Don't throw that mango pit away! It could be a trendy pet
If you want a pet that doesn't scratch the furniture or require costly veterinary care, consider the trendy "mango dog," or manggou (芒狗).
This "pet' is made from a dried mango pit that's fluffed up to look like a little dog – or even a cat or turtle.
On the lifestyle sharing platform Xiaohongshu, posts about mango dogs exceed 5,300 in number.
"For me, a mango dog is a healing thing that can relieve stress," said 37-year-old Qiu Mier.
Qiu told Shanghai Daily that many young people today don't have the time or money to care for a living pet.
"And when you have something else to do, you can just put it aside," she said.
Qiu said she first noticed mango dogs online and was curious enough to want to make one.
"I liked raising small animals like hamsters, frogs and fish, and I do have a pet cat," she said. "But the mango dog brings a different kind of fun. You can comb it, give it a makeover, dye it and style it. Or you can give it a bath and then dry it."
A Xiaohongshu user with the online name "Little Crocodile's Claybook" posted videos showing how to make mango pit dogs – and cats. Her tutorial garnered 27,000 "likes."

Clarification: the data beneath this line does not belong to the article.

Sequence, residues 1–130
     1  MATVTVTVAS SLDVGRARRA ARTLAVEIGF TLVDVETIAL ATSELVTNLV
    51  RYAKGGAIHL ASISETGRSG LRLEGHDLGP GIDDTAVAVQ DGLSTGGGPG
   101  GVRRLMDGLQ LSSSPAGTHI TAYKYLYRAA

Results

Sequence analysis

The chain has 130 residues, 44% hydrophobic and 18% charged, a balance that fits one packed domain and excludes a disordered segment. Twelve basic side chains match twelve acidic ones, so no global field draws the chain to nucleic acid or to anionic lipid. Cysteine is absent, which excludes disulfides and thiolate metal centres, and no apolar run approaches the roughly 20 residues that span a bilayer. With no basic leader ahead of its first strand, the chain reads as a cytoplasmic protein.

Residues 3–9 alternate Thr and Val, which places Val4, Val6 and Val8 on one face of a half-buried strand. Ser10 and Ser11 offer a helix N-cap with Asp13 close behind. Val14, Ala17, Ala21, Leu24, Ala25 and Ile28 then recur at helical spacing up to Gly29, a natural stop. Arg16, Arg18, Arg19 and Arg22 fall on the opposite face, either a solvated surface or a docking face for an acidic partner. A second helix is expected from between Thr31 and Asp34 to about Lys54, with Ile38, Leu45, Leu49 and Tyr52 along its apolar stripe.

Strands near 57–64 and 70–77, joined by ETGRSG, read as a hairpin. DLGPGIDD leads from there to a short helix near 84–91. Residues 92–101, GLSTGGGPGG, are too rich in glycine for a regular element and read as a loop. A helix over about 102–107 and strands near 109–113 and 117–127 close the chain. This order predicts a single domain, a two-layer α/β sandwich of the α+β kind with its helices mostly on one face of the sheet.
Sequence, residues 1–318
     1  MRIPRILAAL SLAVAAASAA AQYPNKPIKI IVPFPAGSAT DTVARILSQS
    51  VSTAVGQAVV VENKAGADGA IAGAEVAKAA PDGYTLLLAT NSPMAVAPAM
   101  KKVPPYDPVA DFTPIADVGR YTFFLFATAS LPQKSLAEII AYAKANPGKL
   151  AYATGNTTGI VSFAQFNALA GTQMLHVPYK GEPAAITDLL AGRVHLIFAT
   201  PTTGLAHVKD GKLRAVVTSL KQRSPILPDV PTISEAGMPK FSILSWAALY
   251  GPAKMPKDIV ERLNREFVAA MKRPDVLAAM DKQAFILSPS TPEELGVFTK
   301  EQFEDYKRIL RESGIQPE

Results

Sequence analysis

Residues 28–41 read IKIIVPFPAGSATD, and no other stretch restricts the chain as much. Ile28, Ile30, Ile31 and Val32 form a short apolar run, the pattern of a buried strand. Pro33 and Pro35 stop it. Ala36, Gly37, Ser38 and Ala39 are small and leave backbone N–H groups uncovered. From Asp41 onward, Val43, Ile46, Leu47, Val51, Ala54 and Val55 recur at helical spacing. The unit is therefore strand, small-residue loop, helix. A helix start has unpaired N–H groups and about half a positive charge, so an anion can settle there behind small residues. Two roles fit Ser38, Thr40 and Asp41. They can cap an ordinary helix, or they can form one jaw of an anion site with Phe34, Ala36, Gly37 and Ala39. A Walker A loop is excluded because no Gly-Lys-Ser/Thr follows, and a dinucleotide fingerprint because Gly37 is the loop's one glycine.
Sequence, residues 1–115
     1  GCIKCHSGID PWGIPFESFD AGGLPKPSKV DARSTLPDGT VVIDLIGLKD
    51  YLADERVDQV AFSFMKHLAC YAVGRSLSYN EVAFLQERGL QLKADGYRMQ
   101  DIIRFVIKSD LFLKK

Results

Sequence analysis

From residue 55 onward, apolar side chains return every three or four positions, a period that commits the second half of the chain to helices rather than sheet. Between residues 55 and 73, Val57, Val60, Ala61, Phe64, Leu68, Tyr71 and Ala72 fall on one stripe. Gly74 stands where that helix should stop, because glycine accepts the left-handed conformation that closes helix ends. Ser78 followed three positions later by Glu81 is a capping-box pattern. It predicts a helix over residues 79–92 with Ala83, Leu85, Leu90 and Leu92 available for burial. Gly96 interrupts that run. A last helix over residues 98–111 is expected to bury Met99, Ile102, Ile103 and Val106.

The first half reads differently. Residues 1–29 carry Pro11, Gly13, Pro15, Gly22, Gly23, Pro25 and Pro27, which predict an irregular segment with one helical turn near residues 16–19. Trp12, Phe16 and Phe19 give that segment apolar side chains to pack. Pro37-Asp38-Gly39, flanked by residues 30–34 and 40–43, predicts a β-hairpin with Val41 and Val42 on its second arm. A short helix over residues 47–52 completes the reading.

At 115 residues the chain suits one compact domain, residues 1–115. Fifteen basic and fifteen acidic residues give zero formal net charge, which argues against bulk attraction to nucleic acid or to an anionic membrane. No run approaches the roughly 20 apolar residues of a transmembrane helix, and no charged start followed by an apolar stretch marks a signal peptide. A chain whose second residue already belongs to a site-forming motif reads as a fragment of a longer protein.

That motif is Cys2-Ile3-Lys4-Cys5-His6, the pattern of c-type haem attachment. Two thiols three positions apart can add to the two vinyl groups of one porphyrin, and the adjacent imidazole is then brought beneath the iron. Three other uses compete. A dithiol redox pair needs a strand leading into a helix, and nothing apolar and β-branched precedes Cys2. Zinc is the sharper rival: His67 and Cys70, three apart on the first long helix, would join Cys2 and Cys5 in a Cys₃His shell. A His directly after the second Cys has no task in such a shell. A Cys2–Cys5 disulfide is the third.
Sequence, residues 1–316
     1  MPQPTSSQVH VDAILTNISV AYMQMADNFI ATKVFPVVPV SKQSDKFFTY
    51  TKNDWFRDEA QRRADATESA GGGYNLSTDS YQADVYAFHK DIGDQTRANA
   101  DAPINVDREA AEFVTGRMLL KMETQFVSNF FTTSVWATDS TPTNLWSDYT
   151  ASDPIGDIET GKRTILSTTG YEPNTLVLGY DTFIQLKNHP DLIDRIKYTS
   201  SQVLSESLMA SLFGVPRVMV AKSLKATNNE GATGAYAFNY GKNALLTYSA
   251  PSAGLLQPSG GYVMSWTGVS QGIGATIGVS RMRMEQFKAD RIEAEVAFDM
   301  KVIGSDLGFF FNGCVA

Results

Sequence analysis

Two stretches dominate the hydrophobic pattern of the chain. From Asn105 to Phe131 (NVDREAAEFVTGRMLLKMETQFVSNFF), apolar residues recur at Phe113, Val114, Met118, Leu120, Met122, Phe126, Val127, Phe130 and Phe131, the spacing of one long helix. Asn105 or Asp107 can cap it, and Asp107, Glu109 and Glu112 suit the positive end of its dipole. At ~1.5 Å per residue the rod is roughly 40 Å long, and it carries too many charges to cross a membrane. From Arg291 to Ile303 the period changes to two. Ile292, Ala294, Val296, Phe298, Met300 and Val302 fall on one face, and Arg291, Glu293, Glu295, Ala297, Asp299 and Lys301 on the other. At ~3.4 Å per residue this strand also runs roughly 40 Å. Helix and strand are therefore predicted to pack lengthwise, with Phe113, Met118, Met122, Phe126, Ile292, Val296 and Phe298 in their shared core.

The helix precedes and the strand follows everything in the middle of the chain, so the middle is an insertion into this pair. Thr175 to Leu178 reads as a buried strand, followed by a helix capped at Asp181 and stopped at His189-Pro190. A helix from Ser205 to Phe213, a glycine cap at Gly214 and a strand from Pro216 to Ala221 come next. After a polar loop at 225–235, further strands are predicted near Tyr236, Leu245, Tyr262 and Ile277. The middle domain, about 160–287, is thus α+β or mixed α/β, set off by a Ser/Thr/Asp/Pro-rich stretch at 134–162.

"When I was young, I used mango pits to make door mats," she said. "I was surprised to see an online post from someone who called mango pits 'mango dogs.' Then I came up with the idea of turning the pits into dogs."
Mango dogs on Xiaohongshu have different looks. Some are colored and trimmed into the shapes of cats, dogs, hamsters or turtles. In other cases, the pits are used to make accessories like hair clips or ornaments.
"Mangoes are easy to buy, but you have to preserve some fruit fluff around the pits," said "Little Crocodile's Claybook."
Xiaohongshu has many text and video instructions showing people how to proceed. According to these guides, it's better to choose Taiwan mangoes, which are in smaller size.
When eating the mango, one should not bite away all the flesh. The pits with fruit strands that are left should be carefully cleaned with running water. After applying some conditioner, one needs to use hairdryer to dry the pit while combing it.
This curious new hobby has raised some pointed discussion online. While some netizens praise it as a novel way to decrease the amount of wet waste, others dismiss it as idle folly.
"They must have too little to do and too much time to kill," taunted one netizen.
Some even accuse mango pit aficionados of being "mentally ill."
"It's none of their business," Qiu said. "Many young people are stressed and creating a mango dog can be a kind of spiritual lift. As long as it doesn't become an addiction, I don't see the harm."